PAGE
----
Walter and James were obviously brothers, while Michael, we may assume, was their father. 1222 is the last year Michael is mentioned in the records of Southampton. Walter, on the other hand, lived until 1258. Because of his personal name, which was very unusual in the twelfth and thirteenth centuries - outside of the Fleming family, that is - it is very likely that Michael le Flamang/Flandrensis was the son of William Flameng; the brother of Alard le Flamang, and the father of Walter and James le Flameng. (It is important to realise that, while the correct spelling of the surname in Anglo-Norman was le Flemeng, an English scribe writing from oral instructions might spell the name differently. The spellings Flemeng and Flemang, however, would have been pronounced in exactly the same manner.)
Walter le Fleming was a successful and very wealthy merchant shipowner in thirteenth-century Southampton. The various rolls from the reign of Henry III literally abound in entries that concern him. Subsequent records clearly show that the descendants of the brothers Walter and James le Fleming flourished in Southampton and on the Isle of Wight throughout the Middle Ages. Granted, there are quite a few blank spaces in the later genealogy of the Flemings of Hampshire, but if one is willing to accept the premise that all the le Flemings of the Middle Ages belonged to one extended family, these blank spaces become much less of a disappointment to the conscientious family historian.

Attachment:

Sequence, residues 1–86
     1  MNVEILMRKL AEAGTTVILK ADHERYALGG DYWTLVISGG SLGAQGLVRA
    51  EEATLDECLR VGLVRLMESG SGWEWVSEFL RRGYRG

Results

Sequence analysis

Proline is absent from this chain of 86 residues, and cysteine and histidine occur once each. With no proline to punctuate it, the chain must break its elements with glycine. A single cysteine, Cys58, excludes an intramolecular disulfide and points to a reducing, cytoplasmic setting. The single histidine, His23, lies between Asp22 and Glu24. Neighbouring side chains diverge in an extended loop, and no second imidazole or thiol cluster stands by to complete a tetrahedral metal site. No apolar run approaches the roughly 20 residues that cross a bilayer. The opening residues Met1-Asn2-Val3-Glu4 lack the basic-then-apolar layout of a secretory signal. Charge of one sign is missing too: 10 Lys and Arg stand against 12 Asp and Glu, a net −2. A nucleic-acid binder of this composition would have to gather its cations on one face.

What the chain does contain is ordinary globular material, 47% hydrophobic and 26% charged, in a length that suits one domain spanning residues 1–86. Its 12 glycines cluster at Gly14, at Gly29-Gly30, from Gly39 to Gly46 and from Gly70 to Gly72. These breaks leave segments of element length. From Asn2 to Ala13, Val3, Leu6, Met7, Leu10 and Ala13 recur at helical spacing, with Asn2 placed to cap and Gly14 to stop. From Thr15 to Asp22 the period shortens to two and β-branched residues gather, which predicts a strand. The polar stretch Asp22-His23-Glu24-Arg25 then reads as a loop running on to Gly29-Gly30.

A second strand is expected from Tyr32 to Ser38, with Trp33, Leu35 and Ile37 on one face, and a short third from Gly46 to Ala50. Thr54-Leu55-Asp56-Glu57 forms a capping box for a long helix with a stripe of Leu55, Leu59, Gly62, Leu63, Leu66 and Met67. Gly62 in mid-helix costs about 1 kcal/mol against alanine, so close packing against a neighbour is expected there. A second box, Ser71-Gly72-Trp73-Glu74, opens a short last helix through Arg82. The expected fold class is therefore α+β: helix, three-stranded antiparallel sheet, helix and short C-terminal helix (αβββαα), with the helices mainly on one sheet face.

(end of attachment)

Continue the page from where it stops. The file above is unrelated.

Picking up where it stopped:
Copyright F. Lawrence Fleming 2012
 David C. Douglas, 'Companions of the Conqueror', History 28 (1943), 129-147.
 M. Guerard, Cartulaire de l'Abbaye de Saint-Bertin (Paris, 1840), pp. 405-469.
 Ibid., p. 446.
 Red Book of the Exchequer, pp. 24, 458, 696.
 Recueil des actes de Henri II, volume 2 (Paris, 1920), p. 203.
 The Cartulary of God's House, Southampton, volume 1, Southampton Record Series 19 (Southampton, 1976), p. 157.